The Ducks have played the role of the underdog since Altman took over in 2010. His first season the Ducks had just seven scholarship players, and somehow managed to win 21 games and a CBI title. The following year with another make-shift roster, Altman led the team to 24 wins and a second-place Pac-12 finish. This season his team was picked seventh in the Pac-12 pre-season poll and then a No. 12 seed in the NCAA tournament and yet were Pac-12 tournament champions and played further into the NCAA tournament then anyone in the conference save Arizona.
They met the challenges, surpassed them and looked for more, and even with the loss in the Sweet 16 to likely NCAA champion Louisville, Oregon is fighting to change their national perception from underdog to contender.
Nothing furthers a program greater than a deep advance into the NCAA tournament. It provides millions the opportunity to be introduced to Oregon's story lines, to hear Jin Nance and Clark Kellogg discuss the future of the program and what could be for the Ducks.
When Altman arrived in Eugene in the spring of 2010, he talked about playing a style of play that would excite the fan base, attract good players and win basketball games. The Ducks tournament run exhibited that style.
When faced with the most aggressive defensive team in the country, the Ducks pressed back, running up and down the court with the Cardinals.
The tournament's results might go a long way in connecting with a fan base that has felt disconnected since the height of the Ernie Kent era and the opening of Matthew Knight Arena. It's easy to see why, under Altman, Oregon has mended its roster with two-year and often one-year players, finding cohesion with such players is much more difficult than four-year stars like Luke Jackson and Maarty Leunen.
Matthew Knight Arena sold out just twice this season, when it hosted Washington and Stanford. The average attendance for Pac-12 games was just 9,530, 3,000 less than full capacity for a team that was competing for a Pac-12 championship. Perhaps the Ducks tournament run will turn fans into believers and increase its support.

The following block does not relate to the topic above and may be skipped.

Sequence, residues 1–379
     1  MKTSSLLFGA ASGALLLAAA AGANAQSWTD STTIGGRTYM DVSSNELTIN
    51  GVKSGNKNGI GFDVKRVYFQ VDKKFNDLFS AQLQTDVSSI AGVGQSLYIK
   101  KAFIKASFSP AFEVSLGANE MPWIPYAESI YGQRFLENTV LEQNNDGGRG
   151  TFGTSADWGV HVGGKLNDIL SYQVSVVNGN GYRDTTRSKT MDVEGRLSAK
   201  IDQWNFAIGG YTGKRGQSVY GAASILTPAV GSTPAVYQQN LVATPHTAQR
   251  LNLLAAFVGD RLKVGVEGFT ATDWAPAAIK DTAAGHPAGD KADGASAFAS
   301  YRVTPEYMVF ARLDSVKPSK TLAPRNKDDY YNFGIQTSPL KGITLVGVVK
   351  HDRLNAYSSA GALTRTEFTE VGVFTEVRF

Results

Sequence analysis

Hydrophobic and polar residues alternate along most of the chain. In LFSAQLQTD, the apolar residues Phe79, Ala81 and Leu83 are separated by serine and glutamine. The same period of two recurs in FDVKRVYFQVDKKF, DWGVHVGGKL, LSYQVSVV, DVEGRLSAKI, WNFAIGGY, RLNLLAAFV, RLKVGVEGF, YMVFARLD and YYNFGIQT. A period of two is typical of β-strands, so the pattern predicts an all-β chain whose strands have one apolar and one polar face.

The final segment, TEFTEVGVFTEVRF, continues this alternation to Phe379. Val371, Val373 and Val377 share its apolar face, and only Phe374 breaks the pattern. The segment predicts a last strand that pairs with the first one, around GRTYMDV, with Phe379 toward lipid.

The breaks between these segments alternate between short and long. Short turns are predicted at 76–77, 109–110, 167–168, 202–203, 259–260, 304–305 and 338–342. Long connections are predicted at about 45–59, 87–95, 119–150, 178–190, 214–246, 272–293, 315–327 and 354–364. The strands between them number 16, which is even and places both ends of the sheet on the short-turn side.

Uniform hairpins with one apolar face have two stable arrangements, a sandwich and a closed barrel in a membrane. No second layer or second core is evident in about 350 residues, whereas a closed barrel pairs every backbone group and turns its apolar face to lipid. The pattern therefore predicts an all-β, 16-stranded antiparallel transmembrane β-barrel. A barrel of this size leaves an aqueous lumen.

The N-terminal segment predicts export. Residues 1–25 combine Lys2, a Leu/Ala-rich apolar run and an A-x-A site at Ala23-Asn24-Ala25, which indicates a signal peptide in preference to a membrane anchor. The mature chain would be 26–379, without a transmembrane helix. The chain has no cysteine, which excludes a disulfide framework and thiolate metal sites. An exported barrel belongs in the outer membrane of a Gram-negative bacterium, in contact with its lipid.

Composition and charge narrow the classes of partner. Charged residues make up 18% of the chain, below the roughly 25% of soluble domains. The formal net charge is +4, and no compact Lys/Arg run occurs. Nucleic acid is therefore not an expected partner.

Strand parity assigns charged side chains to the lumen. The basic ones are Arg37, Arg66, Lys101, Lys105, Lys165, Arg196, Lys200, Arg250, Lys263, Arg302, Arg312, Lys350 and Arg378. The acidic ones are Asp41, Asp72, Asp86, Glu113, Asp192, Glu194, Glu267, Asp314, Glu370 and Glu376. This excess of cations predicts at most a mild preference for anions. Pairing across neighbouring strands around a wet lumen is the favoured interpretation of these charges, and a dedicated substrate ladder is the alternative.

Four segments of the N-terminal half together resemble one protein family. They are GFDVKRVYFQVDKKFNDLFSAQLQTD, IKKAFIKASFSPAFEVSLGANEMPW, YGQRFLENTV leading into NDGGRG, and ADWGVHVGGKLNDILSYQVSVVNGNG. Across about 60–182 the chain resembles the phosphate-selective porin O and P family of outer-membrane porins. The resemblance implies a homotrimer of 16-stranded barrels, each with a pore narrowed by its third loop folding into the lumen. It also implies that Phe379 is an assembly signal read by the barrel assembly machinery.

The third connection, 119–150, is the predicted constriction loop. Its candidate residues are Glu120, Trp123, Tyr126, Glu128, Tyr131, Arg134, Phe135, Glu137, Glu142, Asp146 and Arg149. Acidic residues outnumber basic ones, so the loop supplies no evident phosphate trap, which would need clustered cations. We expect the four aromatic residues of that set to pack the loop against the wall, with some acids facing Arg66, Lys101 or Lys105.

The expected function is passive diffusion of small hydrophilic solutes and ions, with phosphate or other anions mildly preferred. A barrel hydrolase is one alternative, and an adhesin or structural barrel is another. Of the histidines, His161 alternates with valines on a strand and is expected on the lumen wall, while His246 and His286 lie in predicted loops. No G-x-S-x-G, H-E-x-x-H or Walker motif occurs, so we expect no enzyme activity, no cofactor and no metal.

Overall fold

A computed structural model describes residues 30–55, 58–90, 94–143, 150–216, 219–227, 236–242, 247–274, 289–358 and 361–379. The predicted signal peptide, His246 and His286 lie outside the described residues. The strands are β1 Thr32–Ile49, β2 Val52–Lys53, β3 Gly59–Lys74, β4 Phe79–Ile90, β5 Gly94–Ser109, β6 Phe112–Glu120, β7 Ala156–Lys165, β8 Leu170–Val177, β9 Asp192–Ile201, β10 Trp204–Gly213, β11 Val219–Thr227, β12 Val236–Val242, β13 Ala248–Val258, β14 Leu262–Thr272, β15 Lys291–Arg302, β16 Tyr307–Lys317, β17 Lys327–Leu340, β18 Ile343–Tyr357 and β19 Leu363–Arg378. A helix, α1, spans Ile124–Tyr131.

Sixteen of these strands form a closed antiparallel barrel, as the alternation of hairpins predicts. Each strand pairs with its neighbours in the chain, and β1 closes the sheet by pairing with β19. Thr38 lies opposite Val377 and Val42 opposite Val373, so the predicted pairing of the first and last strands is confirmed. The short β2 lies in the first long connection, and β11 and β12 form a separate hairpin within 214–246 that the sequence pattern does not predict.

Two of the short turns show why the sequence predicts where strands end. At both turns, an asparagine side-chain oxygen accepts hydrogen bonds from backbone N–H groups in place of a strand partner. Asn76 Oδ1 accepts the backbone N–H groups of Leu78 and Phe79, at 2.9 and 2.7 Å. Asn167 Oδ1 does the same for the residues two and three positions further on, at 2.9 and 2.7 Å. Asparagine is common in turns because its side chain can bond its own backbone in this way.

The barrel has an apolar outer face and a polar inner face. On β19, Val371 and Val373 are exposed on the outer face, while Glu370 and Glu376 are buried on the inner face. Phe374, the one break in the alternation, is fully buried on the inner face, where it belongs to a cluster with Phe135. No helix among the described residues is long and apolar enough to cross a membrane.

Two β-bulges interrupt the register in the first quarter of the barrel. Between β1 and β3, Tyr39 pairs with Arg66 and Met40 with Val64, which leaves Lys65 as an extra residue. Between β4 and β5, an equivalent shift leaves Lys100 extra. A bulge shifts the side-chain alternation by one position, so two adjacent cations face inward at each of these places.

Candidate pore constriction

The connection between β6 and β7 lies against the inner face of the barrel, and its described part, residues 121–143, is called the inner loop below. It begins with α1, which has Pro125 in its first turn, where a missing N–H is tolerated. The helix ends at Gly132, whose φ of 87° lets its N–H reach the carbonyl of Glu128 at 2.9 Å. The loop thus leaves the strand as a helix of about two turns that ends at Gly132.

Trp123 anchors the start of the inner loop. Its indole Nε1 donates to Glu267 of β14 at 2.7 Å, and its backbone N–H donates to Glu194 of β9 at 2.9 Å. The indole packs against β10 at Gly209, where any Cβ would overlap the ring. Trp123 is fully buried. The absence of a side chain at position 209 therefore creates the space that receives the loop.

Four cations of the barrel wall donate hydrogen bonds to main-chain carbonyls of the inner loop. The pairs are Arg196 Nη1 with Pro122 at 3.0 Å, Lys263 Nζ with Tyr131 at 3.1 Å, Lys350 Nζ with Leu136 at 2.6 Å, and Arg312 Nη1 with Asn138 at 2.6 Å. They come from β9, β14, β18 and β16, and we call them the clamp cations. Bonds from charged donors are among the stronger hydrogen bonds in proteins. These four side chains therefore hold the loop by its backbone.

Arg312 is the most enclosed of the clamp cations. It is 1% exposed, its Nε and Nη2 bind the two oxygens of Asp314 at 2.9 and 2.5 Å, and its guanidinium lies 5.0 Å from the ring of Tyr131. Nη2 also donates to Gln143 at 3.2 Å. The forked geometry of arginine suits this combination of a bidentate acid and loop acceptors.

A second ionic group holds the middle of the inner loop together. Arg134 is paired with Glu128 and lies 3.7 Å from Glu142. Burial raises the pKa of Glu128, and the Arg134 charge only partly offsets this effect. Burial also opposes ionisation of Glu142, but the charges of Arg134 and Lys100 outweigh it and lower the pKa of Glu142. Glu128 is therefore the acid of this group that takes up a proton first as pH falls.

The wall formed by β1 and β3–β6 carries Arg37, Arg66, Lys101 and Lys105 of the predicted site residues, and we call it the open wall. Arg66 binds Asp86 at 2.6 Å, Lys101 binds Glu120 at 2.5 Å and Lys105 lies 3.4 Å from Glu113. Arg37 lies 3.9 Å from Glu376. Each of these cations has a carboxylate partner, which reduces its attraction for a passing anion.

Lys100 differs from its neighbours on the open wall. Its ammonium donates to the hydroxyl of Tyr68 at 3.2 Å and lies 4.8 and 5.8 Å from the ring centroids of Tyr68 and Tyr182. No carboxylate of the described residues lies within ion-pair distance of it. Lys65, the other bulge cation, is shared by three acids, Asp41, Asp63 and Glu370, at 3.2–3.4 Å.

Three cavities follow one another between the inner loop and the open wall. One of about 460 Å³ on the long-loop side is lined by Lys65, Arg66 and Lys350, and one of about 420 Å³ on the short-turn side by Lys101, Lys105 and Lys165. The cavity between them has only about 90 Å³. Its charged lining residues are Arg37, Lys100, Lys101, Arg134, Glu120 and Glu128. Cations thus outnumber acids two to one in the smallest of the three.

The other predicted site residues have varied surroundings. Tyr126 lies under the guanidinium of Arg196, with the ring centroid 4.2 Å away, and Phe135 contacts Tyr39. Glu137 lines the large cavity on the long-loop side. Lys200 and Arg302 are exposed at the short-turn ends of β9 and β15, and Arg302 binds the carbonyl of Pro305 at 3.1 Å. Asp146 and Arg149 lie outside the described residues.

Thousands of future collegiate athletes around the country watched Oregon upset Oklahoma State and Saint Louis and go toe-to-toe with Louisville. They saw the Ducks run-and-gun, exert full-court pressure, all while playing a nine-man rotation. That, like Altman says, is an exciting brand of basketball, one that attracts elite players. The recruiting results likely won't be yielded this year, as the most high-major prospects have already found a home, but imagine Jordan Bell starting the break with a blocked shot and Aaron Gordon finishing it with a tomahawk slam. Those possibilities are what tournament runs like the Ducks create.
And there is hardly better exposure than the praise Louisville coach Rick Pitino gave the Ducks prior to the contest and again at halftime. Pitino compared the Ducks to North Carolina (in how they got into their transition offense) a program at the pinnacle of college basketball.
Maybe I'm idealistic, but perhaps the Ducks run could actually lend to some respect in the pre-season polls. Fans know what the Ducks are losing: four senior front court players, but what about what they return? Oregon should be able to compete, for the third year in a row, for a Pac-12 title next season. Dotson, Artis and Johnathan Loyd give the Ducks the league's best backcourt. Of course the front court has more question marks than answers, but Ben Carter and Waverly Austin have shown they can play at the Pac-12 level and with the addition of Jordan Bell and Cristiano Felicio and IF Aaron Gordon chooses to select the Ducks… well that's a pretty exciting core to work around for year's to come.
Maybe exciting enough to sell out MKA and lead to another deep tournament run.